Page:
We have five physical senses but we mostly rely on sight to see our world. Dogs, on the other hand, interpret their world with their nose. The percentage of the dog’s brain devoted to analyzing smells is 40 times higher than ours, allowing them to identify as much as 10,000 times more. Humans have 5 million scent receptors, as opposed to the bloodhound, with 300 million. Their wet noses trapping scent molecules as they drift by. Dogs are able to smell drugs, fruits, cancers, alarm pheromone (fear), electricity, among a growing list of things we are just getting to know about and understand.
I am constantly amazed by how powerful a dog’s sense of smell is. Even if there is one tiny crumb, Blackspot never fails to dig it out of my bag, no matter how deeply embedded.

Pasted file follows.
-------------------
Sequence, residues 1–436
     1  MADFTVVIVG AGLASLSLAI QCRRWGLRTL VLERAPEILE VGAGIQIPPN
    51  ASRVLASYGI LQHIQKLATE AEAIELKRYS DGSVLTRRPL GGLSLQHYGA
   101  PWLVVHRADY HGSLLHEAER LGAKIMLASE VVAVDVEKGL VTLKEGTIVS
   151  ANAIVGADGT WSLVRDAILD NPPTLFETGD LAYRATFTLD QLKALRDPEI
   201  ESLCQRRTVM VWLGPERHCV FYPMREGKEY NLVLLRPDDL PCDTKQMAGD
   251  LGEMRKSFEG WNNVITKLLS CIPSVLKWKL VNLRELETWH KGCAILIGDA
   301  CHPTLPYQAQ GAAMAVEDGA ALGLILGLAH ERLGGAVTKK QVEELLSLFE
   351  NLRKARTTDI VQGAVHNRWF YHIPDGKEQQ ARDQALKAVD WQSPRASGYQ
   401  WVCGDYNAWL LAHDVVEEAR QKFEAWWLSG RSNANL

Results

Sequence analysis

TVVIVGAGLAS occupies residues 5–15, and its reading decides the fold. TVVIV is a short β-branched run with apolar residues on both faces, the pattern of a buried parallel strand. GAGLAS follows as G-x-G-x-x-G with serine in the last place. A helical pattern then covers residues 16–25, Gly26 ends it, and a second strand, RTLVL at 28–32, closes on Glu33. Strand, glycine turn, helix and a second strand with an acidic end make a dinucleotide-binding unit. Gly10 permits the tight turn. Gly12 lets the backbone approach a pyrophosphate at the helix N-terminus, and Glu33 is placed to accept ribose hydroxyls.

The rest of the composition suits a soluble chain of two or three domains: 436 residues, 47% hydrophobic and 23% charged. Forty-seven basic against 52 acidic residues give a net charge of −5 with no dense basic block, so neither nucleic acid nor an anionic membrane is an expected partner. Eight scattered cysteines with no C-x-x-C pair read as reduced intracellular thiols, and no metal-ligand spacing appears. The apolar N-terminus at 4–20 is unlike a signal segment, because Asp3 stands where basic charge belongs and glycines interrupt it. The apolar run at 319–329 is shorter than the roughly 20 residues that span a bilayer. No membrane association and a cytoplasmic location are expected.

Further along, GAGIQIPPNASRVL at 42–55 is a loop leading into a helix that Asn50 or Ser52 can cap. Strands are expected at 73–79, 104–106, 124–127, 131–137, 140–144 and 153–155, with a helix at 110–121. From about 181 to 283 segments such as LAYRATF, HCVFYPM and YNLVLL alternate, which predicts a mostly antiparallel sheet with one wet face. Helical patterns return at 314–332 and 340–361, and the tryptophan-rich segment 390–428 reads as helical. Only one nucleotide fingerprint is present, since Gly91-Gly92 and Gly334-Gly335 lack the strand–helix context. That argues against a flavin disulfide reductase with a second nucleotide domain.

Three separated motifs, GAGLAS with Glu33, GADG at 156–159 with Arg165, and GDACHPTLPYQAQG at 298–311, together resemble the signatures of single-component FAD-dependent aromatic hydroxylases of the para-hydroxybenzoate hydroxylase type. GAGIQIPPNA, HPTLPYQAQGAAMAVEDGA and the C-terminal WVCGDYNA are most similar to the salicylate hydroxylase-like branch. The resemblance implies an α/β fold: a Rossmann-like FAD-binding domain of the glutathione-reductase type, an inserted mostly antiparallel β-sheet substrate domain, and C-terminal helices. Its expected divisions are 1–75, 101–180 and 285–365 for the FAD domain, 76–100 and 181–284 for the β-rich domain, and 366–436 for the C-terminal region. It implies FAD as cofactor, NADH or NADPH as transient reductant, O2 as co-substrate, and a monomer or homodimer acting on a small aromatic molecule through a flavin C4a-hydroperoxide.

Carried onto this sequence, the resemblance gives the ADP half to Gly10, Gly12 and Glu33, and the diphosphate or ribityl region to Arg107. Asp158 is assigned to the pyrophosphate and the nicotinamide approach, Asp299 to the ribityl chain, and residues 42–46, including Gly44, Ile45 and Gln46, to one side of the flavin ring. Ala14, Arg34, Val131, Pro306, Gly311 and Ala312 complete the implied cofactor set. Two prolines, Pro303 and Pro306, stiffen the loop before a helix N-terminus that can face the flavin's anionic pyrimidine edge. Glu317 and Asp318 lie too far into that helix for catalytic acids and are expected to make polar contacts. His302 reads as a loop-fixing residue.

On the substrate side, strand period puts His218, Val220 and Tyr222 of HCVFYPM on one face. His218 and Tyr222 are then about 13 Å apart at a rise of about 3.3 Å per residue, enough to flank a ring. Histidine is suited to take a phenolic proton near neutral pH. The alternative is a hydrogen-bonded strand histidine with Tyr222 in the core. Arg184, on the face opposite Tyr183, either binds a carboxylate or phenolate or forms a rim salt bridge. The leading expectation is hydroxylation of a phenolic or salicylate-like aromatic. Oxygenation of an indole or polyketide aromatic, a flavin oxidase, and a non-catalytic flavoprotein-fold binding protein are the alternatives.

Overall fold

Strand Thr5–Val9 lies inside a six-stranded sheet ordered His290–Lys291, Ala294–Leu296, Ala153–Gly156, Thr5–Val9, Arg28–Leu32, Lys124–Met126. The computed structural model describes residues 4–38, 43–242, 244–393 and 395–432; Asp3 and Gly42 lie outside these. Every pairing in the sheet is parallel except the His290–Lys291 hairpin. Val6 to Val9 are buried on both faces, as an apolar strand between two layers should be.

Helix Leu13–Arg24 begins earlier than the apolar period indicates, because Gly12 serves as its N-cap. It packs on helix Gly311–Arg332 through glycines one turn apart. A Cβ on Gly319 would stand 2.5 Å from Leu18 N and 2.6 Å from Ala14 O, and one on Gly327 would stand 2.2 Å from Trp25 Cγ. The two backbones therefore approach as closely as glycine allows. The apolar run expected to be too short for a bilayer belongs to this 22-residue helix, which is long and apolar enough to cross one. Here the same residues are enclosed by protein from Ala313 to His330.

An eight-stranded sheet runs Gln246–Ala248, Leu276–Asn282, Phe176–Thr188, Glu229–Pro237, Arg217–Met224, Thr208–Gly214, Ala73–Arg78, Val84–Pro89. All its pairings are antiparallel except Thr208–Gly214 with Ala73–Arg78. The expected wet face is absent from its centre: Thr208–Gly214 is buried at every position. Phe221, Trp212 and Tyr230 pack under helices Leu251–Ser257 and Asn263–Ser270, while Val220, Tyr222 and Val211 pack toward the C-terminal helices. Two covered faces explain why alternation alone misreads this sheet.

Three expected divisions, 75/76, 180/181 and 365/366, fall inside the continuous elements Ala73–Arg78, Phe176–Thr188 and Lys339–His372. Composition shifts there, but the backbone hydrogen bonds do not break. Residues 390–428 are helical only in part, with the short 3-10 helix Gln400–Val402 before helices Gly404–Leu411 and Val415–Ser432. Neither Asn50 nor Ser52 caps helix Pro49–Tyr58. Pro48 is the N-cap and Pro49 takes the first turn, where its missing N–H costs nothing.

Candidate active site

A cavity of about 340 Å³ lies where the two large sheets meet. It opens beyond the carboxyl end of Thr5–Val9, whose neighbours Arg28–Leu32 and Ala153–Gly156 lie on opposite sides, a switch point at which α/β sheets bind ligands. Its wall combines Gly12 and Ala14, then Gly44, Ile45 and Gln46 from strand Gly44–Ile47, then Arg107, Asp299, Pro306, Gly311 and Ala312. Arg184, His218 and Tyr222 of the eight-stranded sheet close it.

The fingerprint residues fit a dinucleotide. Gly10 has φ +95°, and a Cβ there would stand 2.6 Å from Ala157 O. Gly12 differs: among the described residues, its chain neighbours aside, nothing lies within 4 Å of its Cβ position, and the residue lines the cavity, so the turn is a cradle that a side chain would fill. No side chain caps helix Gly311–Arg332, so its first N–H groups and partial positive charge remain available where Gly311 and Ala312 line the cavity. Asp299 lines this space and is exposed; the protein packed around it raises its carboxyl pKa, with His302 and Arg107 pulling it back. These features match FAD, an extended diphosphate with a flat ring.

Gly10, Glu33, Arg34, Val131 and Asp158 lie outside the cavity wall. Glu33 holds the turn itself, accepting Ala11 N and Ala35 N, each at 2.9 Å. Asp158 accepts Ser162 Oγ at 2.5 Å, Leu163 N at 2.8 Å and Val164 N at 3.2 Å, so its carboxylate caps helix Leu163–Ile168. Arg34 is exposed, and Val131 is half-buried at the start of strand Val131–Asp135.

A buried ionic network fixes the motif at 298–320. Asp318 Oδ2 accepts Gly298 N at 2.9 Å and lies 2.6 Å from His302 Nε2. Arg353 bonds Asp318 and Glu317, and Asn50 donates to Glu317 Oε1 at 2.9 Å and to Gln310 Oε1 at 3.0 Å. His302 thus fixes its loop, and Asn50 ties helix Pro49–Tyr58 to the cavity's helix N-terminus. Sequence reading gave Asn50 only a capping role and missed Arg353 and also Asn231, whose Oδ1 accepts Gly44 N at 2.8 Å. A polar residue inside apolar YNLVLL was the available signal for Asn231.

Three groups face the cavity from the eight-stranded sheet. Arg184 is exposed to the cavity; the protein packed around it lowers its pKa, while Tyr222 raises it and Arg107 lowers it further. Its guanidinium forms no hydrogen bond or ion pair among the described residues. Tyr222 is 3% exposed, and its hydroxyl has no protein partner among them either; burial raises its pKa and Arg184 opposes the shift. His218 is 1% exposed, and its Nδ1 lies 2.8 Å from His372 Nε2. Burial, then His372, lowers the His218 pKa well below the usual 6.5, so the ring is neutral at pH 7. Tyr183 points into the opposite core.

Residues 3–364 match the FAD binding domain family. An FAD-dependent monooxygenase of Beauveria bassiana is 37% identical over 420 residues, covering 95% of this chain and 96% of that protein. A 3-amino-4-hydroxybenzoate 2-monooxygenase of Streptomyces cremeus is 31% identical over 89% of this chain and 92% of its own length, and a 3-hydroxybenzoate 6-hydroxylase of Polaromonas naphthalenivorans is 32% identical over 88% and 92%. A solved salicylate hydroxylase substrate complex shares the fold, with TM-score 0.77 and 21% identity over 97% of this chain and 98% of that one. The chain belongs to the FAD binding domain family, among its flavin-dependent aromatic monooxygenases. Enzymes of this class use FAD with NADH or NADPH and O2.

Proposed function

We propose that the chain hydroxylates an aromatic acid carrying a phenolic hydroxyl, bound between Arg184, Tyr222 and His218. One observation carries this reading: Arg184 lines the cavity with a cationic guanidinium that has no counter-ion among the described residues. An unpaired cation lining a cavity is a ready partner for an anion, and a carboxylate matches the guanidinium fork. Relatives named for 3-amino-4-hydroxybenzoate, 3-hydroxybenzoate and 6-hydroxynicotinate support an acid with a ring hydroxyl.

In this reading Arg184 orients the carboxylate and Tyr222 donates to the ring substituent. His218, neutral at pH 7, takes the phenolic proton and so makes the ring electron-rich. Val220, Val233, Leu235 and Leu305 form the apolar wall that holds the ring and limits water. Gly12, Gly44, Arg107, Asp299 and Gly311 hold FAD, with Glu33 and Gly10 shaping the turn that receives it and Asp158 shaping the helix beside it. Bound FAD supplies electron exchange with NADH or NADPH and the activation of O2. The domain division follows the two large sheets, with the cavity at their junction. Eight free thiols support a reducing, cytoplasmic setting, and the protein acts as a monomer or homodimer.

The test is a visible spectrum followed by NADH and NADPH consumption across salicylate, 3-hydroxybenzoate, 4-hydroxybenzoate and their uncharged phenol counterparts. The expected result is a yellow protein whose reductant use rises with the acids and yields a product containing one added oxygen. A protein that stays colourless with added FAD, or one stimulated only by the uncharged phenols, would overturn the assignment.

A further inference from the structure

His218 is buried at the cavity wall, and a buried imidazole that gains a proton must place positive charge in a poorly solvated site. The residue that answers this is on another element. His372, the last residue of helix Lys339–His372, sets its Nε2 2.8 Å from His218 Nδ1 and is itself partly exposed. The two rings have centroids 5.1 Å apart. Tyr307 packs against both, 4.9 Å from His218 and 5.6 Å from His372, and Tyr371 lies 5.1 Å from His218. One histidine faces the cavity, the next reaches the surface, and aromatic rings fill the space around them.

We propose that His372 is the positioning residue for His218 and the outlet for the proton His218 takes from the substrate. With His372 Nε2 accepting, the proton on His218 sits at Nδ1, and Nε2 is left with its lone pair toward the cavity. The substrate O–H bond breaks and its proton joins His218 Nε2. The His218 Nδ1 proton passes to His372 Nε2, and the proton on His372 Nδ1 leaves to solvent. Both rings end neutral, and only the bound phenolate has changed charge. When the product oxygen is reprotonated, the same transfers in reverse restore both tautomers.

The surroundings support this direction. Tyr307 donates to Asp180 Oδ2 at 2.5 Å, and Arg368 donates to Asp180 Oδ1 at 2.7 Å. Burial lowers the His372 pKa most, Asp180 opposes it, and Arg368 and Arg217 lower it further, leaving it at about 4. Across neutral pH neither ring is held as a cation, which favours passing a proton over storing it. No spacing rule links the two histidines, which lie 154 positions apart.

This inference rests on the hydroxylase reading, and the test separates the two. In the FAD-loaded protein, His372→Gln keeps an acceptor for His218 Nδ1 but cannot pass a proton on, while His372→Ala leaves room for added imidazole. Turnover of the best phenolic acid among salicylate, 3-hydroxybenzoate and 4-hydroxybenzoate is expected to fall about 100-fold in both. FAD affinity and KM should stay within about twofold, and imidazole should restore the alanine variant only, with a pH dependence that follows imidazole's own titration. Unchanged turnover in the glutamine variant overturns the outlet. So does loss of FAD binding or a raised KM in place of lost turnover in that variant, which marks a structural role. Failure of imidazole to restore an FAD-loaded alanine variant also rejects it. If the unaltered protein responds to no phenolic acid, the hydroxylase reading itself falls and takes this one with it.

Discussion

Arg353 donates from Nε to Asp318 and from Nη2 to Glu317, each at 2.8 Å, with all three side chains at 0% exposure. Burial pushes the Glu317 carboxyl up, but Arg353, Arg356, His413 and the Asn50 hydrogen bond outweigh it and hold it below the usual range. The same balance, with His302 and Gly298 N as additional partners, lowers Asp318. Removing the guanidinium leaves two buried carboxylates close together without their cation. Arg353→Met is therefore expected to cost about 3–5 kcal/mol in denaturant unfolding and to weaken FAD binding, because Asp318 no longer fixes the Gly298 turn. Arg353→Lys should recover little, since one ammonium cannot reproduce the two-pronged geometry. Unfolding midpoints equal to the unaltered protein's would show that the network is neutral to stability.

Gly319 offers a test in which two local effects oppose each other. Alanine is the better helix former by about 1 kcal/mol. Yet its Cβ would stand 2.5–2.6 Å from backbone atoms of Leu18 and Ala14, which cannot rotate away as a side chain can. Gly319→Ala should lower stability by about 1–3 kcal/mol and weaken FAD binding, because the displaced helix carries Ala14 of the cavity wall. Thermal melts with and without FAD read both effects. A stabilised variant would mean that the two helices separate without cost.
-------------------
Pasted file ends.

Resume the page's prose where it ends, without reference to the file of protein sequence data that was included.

It is through smell that dogs identify people and other dogs. That’s why they sniff each other’s butts, their anal glands. It’s not rude. That’s where all the information is. It’s how they greet. And it’s more than mere identification. Dogs know about our moods and the age, sex, and status of other dogs through scent.
It’s not only their sense of smell that is impressive. Dogs also have amazing olfactory memory. The scent of a certain person can trigger memory – affection or otherwise.
We are now leveraging this powerful sense to help those in need, whether it’s disaster search and rescue, avalanche rescue, seizure alert, bomb sniffing or cancer screening.